Also, plan your time well. Mentally prepare yourself before going out or facing something that you think will heighten your anxiety. You can even talk to your reflection in a mirror – tell yourself things like “today is going to be a good day, and I’m going to be fine!”. While it might sound odd, it helps to put your mind in a positive mental state, so even if you’ve got a stressful day ahead, you’d be starting out on the right foot. 

When you’re out in public, bring a water bottle and have something on your wrist or even a ring on. Surprisingly this helps me a whole lot. Whenever I have a breakdown in public, drinking water helps me calm down and it’s a great way to hide my crying face. Having a keychain or anything to fidget with also helps you reconnect with reality when you’ve started spiralling out. In a sense, it gives you something to hold on to and keep grounded. 

Advice for those with friends experiencing anxiety

On the other hand, if you know someone who has anxiety or is going through something similar, you can help them by just letting them know that you’re there if they need help. It’s also important to know when to leave them alone to calm down, without feeling rejected. 

As much as you want to make them feel better, don’t enable them to avoid difficult situations all the time – this doesn’t help them. Instead, it’s better if you allow them to face their anxiety but be supportive the moment it gets tough. If they’ve been staying at home a lot or avoiding certain responsibilities, encourage them to go out. The idea is to allow your friend or family member to get out of their head, not make it comfortable for them to avoid dealing with fraught situations. 

Finally, avoid saying patronising things like, “calm down” or “stop worrying”. While your words may have good intentions, from personal experience, it might make them feel even more anxious. It just reminds them that they aren’t feeling comfortable and that at the moment, they don’t have control over their emotions.

Being anxious or having an anxiety attack doesn’t always mean that someone is stressed out or going through something – even if they’re crying. Don’t get upset if they can’t tell you what’s wrong either. Sometimes, even they don’t know what’s going on or at least, how to put what they feel into words.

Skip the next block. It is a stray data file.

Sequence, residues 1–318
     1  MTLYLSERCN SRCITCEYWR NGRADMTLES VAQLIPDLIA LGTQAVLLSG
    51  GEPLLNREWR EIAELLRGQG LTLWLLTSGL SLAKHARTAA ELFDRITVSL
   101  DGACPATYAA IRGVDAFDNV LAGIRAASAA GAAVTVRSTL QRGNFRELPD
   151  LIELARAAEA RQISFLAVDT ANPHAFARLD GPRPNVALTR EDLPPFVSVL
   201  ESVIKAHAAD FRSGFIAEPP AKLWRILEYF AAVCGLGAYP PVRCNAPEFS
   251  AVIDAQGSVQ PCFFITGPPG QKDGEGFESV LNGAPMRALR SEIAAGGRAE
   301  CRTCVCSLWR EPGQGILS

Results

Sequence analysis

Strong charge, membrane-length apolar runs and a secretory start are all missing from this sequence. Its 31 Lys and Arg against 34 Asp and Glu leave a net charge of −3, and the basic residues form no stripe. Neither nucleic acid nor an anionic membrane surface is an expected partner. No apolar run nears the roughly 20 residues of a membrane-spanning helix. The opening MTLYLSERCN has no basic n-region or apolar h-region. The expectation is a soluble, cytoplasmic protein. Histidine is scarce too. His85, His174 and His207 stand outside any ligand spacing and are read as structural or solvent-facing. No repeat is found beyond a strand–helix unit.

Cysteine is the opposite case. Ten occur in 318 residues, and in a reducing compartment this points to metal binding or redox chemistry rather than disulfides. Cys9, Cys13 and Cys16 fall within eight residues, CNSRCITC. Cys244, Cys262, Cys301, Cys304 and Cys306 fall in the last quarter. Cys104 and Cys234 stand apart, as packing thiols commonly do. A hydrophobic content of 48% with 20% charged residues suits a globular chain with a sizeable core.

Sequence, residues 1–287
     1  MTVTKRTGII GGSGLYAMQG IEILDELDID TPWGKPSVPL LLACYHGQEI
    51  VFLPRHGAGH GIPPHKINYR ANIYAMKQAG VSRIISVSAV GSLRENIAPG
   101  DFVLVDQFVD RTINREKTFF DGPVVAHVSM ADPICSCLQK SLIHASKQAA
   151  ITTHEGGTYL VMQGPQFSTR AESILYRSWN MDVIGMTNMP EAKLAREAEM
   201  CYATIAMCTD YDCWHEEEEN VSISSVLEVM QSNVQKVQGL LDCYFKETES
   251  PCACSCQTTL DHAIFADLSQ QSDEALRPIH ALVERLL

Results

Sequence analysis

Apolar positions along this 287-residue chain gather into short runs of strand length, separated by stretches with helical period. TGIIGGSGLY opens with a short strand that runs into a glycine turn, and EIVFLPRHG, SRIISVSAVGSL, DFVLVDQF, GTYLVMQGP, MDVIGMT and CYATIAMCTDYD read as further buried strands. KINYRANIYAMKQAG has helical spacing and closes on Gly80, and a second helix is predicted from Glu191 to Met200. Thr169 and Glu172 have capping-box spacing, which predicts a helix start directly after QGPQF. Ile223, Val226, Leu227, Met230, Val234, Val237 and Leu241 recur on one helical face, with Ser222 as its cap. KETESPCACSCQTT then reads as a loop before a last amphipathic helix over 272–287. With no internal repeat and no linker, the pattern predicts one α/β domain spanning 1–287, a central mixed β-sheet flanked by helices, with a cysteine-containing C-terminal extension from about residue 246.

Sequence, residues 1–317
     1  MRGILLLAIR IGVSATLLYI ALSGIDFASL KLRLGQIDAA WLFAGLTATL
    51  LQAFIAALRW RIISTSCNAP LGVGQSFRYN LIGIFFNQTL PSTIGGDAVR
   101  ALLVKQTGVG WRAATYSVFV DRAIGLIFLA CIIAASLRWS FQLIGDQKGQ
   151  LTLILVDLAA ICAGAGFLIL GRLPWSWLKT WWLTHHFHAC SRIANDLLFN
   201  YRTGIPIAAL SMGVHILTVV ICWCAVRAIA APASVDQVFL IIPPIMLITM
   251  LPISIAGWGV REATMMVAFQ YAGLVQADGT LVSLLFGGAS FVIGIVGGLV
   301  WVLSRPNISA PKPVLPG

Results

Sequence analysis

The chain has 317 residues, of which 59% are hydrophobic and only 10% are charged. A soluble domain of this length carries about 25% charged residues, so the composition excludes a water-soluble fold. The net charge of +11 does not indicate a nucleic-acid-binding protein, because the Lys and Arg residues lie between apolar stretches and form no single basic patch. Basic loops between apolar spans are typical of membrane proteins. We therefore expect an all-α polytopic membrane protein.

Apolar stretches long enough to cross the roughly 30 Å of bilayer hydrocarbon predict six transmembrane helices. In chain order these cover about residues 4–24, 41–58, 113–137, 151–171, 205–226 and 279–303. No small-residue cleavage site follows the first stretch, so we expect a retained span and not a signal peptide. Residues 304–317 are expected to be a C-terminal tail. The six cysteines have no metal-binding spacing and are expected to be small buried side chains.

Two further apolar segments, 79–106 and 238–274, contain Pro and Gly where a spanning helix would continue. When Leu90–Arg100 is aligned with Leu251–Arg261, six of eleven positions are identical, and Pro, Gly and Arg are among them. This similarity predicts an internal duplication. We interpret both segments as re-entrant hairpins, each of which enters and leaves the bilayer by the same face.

Essentially, the keyword is patience. You’re not going to get better overnight and if your friend is the one going through it, they need time to figure it out too. Take the time to slowly accept and understand what you’re going through and eventually, you’ll find something that works for you. It could be counselling, meditating, or something as simple as giving yourself some “me” time.

How I Dealt With Having Anxiety Attacks & Feelings Of Detachment With Help From Friends & Family

There’s a quote that goes, “Go easy on yourself. Whatever you do today, let it be enough” and that’s just how I think it should be. It took me a while to get the hang of dealing with my anxiety and at times I truly wanted to give up, but it can indeed get better.

You just have to start by taking a step in the right direction, even if it means taking a step back first. Accept that some days won’t go as planned, but trust that there will come a time when you can say, “I did it”. 

For further assistance, here are some helpful sites and Instagram pages you can go to if you need someone to talk to or help in understanding your anxiety:

Crazy Head Comics: An Instagram page that provides guidelines, advice and promotes mental health awareness through graphics by Matilda.
Limitless: An organisation that aims to help youths and provides counselling sessions and support through calls or texts. (Shan You Counselling Centre): A local Instagram page that provides advice, guidelines, and webinars to cope with mental health. They are also run by a counselling centre you can go to if you need someone to talk to about your mental well-being.
Samaritans of Singapore: A non-profit organisation that provides emotional support for individuals facing mental health issues. 

All images courtesy of Ilarnna Chrisandra. 

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Growing Up With A Tiger Dad Gave Me An Anxiety Disorder And This Is How I Cope With It